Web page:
Why Not Empower Iranian Entrepreneurs?

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Those such as Treasury Secretary Hank Paulson who advocate increasing economic ties with China often argue, persuasively in my view, that China’s economic development is likely to lead to political reform and a more cooperative international disposition.
Why then do these same officials refuse to acknowledge the potential benefits of engagement with Iran?
Farah Stockman’s article in today’s International Herald Tribune explains how the Treasury Department is actively working to prevent Iranian nationals living in Dubai from partnering with locals to start their own businesses.
The article notes that, “[The government controls] an estimated 85 percent of Iran’s economy. But many of the Iranian businesses in Dubai are run by small traders from Iran’s tiny, struggling private sector, which is often at odds with officials in Tehran.”
These entrepreneurs seem like just the kind of outward-looking, progressive elements within Iranian society that we should be seeking to empower.
I hope that the next president takes advice from those like Flynt Leverett and others who have laid down the parameters for a policy of engagement.
Ben Katcher

Comments

6 comments on “Why Not Empower Iranian Entrepreneurs?

  1. John G. says:

    Steve/Ben:
    Thank you for promoting the eminently rational foreign policy position (which you share with Dr. Leverett) of enagagement with Iran. You and Dr. Leverett represent the small minority of foreign policy analysts/advisors who have the courage to advocate a strategy that serves the best interests of the US as opposed to those of a particular special interest group.
    As US relations with Russia deteriorate we are faced with the hugely critical geopolitical choice of either pushing Iran towards Russia or pulling Iran towards the US. The choice/goal should be obvious as well as the strategy that would acheive such goal.
    If the next administration, whether Obama or McCain, desires to implement a foreign policy strategy that truly places the interests of the US above all else, then it must enlist Dr. Leverett (and Hillary Mann Leverett).
    I implore you to save us from our current foreign policy madness by undertaking a massive “Draft Flynt” campaign. 🙂

    Reply

  2. ... says:

    i agree these are good questions, but they ignore the point that johnh brings up – energy being an important driver in usa/iran relations… add to that a military industrial complex that thinks being at war is more productive then not, and you have some of the answers to your questions… keep asking these questions though as they help to highlight these same issues that are fundamental to usa/iran relations..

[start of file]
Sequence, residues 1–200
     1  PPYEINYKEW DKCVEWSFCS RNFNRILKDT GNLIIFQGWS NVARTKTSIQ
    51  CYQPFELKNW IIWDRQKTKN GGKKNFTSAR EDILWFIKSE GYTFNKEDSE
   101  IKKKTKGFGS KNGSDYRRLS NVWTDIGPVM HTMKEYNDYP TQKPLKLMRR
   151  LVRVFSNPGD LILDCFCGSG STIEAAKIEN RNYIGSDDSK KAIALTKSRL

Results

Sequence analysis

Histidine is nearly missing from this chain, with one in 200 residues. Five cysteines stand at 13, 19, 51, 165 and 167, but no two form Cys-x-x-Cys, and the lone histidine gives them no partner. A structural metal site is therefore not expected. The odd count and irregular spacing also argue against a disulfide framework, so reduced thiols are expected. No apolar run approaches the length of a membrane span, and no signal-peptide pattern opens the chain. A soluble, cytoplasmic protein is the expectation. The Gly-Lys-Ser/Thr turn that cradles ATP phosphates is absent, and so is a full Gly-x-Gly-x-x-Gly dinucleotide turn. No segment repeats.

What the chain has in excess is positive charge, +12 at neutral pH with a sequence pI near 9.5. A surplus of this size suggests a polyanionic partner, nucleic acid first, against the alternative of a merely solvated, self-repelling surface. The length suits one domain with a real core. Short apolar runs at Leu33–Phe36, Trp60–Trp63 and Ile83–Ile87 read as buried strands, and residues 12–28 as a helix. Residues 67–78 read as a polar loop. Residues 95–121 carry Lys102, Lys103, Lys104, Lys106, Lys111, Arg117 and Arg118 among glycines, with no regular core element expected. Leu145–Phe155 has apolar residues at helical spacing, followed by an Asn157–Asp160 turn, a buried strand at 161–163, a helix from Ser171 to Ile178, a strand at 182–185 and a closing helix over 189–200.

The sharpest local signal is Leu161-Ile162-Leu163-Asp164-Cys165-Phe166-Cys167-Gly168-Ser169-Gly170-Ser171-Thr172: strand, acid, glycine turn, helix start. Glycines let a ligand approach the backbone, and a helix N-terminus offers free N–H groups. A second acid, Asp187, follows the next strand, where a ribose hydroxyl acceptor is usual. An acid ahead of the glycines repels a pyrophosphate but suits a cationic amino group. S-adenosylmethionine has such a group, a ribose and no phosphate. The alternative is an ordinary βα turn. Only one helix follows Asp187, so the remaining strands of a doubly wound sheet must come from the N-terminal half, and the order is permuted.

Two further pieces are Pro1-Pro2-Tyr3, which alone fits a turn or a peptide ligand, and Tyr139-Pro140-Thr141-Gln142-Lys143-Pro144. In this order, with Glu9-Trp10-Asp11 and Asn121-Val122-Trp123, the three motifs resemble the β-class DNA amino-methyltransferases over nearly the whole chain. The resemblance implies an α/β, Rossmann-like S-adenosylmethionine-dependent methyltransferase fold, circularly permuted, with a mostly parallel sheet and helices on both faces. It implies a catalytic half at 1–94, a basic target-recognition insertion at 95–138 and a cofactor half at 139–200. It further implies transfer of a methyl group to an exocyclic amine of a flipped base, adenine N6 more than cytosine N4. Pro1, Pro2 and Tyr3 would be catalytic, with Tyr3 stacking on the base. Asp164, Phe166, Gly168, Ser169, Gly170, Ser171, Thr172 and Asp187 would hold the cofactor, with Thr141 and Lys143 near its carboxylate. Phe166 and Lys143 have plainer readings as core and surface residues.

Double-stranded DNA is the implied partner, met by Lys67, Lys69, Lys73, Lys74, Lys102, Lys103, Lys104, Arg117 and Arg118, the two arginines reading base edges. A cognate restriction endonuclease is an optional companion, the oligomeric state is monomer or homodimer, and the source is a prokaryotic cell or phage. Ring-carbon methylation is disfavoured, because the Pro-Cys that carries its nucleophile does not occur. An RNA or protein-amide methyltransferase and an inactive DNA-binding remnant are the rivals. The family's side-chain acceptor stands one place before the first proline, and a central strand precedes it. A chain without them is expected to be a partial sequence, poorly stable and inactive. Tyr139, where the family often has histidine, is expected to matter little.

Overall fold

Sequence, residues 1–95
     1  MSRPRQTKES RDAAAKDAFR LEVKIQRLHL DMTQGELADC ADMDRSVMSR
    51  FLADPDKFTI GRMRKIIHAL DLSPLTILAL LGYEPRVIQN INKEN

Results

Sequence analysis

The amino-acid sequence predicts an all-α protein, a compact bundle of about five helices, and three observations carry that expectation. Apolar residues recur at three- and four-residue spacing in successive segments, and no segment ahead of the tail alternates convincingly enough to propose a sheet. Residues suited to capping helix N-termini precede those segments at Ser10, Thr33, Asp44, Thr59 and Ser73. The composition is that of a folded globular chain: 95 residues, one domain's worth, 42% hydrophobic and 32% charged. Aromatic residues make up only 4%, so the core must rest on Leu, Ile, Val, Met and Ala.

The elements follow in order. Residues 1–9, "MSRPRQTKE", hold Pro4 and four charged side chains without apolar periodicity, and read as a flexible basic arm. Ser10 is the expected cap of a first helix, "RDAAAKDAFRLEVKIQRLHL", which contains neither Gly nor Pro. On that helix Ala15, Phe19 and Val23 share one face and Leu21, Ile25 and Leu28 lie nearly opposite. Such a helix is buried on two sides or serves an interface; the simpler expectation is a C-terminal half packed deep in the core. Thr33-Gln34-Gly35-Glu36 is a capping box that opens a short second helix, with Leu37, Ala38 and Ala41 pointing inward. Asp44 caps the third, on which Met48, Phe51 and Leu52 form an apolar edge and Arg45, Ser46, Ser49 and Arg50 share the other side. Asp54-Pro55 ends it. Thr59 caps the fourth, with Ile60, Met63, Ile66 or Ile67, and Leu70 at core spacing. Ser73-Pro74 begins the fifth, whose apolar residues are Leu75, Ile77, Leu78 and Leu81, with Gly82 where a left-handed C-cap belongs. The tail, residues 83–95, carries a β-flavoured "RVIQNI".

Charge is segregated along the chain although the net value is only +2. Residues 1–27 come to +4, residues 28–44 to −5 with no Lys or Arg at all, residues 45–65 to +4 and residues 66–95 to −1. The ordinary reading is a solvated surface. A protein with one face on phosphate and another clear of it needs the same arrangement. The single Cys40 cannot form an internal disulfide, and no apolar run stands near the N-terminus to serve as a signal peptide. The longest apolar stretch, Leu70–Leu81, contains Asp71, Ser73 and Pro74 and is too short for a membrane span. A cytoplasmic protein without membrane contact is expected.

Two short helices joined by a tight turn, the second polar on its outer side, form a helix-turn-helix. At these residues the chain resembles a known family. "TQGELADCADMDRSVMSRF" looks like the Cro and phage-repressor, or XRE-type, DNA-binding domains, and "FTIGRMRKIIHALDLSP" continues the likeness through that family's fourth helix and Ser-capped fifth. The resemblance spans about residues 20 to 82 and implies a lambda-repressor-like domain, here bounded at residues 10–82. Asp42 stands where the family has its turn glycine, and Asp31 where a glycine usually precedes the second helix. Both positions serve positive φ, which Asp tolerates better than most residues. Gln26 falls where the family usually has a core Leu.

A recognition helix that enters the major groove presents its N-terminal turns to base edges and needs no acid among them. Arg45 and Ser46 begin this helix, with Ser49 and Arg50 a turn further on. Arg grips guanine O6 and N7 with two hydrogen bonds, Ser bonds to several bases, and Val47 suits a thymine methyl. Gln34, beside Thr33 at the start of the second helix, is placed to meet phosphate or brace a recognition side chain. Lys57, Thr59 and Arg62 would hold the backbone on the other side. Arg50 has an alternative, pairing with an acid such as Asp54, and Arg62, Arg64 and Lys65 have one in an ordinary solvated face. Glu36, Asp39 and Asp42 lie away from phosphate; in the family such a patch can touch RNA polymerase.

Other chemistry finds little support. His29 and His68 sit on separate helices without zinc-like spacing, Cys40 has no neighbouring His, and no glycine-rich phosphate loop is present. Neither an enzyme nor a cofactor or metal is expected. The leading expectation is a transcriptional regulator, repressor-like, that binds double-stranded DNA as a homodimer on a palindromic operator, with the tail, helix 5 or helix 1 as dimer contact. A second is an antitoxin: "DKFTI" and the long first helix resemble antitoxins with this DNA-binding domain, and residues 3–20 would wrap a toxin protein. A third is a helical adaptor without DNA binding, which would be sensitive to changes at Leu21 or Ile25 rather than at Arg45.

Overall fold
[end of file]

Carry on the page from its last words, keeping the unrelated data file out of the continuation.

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  3. PrahaPartizan says:

    Steve, these are very good questions. I would also point out that the conservatives insisted that positive engagement with the former apartheid South African regime was essential if we were to have any leverage with that government. As usual, conservatives believe in a double-standards in life — one for my pet projects, another for yours.

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  4. Mr.Murder says:

    IBM’s Asian marketing HQ was in Iran during the hostages crisis. Same block as the embassy, around the corner in Tehran. Nary a stone was thrown or flag burned there.

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  5. samuel burke says:

    why then do these same officials refuse to acknowledge the
    potential benefits of engagement with iran?
    energy?
    does washington have this affect on journalist?
    the elephant in the room is oppressive isnt it?
    one reason…and one reason only.
    the answer is a country and a lobby.
    why didnt jimmy carter get to speak at the dem convention?
    dems diss jimmy carter
    by alan m. dershowitz
    frontpagemagazine.com 9/11/2008
    “it is long been traditional for living ex-presidents to be invited
    to address their party’s quadrennial convention during
    presidential election years. the fact that jimmy carter was not
    invited to give the traditional address was no accident. nor is it
    true, as jimmy carter has falsely claimed, that it was he who
    made the decision not to speak to the convention. the
    democratic party, and its leaders, made a deliberate decision not
    to invite jimmy carter precisely because they so fundamentally
    disagree with the bigotry toward israel and its jewish supporters
    that he displayed both in his mendacious book palestine: peace
    not apartheid and in his subsequent television appearances.
    i must admit that i am not an unbiased observer. i played a role
    in seeking to persuade the democrats to disinvite carter. i made
    it clear that i could not support a party that honored a bigot like
    carter.”

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  6. JohnH says:

    More curious yet, why isn’t the Bush administration praising privatization in Iran. Isn’t that what his corporate supporters want–freedom to own Iran?
    http://www.globalresearch.ca/index.php?context=va&aid=9501
    Of course, the answer is simple: energy. Unless Iran surrenders its energy sector to Western domination, no deals are possible, whether it is working with entrepreneurs or multinationals buying privatized government enterprises.
    Once again the analysis fails to note the key driver of US-Iranian relations.

    Reply

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